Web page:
An airplane cabin, suspended a few thousand feet in the sky, is not where I expect to hear Jermaine Dupri's voice demanding that we "report to the dance floor."
A number of voices from around the world excitedly send their greetings, and then Judge Jules appears, acting as global ambassador for dance music. Unlike Dupri, Judge Jules recognises that I am in a box in the stratosphere, and delivers a customised drop for "musical takeoff" in his usual blaring style: "Sit back, fasten your headphones securely, and set yourself tightly in the dance position—as we aim higher than the clouds outside the window!"
Even at his most irrepressible, Jules and the neon-filled trance build he ramps up are unceremoniously cut off by a safety video. I look around the cabin and find only sleeping passengers, many of them slunk into a set of huge headphones like myself. None of them are sitting tightly in the protective dance position.
One of my oddest listening experiences as of late was listening to Jules' Global Warm Up in an edition exclusive to British Airways. As I toggled through the in-flight entertainment (IFE) system, I noticed that alongside Global Warm Up were selections from Paul Oakenfold, Roger Sanchez and Carl Cox. None of these seem like cut-and-paste jobs, either. Each mix was obviously crafted with a great degree of care. Sanchez, offering a sample of a recent nine-hour set at Miami's Space nightclub, takes time out to drawl to the passenger, "I'll see you in the sky…"
By the time I land at Heathrow, I'm fascinated by how such big names are convinced into crafting exclusive mixes for an airline's entertainment. What brings these artists to the attention of such a huge company? And how do the artists feel about being considered for that same company's exclusive content?
Originally a distributor of car parts in 1930s Bath, Spafax is now the company responsible for supplying multiple international airlines with in-flight content (as well as publishing magazines and guides for Lollapalooza and Mercedes-Benz). The company's Philippa Starns deals hands-on with British Airways' in-flight audio content —and has a dance background herself, having worked for KISS 100 FM from 1990 to 1995.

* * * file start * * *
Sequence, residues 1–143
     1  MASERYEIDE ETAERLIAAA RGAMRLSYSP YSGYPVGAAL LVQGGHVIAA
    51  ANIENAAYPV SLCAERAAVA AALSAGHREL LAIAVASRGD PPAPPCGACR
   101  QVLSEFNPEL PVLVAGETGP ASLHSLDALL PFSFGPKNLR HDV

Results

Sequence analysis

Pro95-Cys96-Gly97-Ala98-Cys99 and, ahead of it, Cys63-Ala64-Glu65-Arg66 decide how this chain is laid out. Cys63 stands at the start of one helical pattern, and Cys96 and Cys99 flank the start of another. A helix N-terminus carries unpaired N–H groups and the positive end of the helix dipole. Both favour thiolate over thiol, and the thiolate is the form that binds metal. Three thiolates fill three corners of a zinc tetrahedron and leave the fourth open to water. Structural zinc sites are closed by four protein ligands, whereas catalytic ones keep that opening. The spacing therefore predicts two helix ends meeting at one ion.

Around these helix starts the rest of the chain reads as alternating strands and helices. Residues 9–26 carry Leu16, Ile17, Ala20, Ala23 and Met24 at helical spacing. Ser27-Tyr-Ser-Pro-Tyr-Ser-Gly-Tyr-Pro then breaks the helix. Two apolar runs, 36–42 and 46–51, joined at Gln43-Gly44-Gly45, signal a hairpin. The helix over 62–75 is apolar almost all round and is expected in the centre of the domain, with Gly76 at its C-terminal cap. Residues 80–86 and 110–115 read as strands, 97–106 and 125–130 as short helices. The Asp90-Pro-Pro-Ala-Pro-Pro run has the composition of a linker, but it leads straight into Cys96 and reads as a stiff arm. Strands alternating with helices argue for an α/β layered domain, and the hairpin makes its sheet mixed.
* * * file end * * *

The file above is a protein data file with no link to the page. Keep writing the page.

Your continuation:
"Since the early 90s, British Airways have featured an element of dance," she says, sharing that both Oakenfold and Cox were early adapters to the format offering "bespoke mixes" to the company. "The artists we work with are keen to have their music on board, and we are delighted to be working with them." And the artists collaborating with the airline are a varied bunch. Alongside the aforementioned DJs are headliners like John Digweed and Boy George; upcoming contributors to the unofficial series of BA mixes include Steve Aoki; Calvin Harris and Disclosure.
Exactly how these artists become involved with Spafax is something of a mystery, with different answers for each artist. Danny Howard—host of BBC Radio 1's Dance Anthems—recently crafted two upcoming mixes for Spafax to use on summer flights, but was unsure of where and who the mixes are going to. "If I gave you an answer I would actually be lying," he tells me with a laugh. "I'm not sure who handles all those type of things."
Over e-mail, Markus Schultz disclosed that British Airways got in touch with his office team early in 2014 about making personalised sets for them. Less established DJs and artists like Cambridge act The Beat Thiefs found their way in by old-fashioned hustle. "I set about sending emails and trying to find the appropriate contact," the house duo's Henry Hacking tells. "As with everything, I just got lucky with a reply and managed to build it from there."
Howard's two mixes for British Airways will end up on board in June, and the new medium has offered its challenges. Dance music thrives on the rush of the immediate and its social element, both of which are taken away with a three-month turnaround, and the closed-off atmosphere of air travel. "With BBC Radio 1, you can get a tune in your inbox that week and put it on in time for the weekend," he explains. "Sometimes you get a tune and play it the same day. But [with the BA mixes], you always have to take into considerations what people listen to. It has to sound as fresh as possible, but there's only so far you can go into the future."
According to British Airways' Richard D'Cruze, while there are unspecified "editorial pressures," each artist is given "a lot of [creative] freedom." Despite creative control being granted, artists are wary of misrepresenting their brand to an unfamiliar audience. "I think you have to be a little more conservative supplying to airlines," confesses Hacking. On the other hand, Schultz generally presents what he calls a "best of" set to airlines—drawing together his own productions, recent releases from his Coldharbour label, and hits from his Global DJ Broadcast radio show.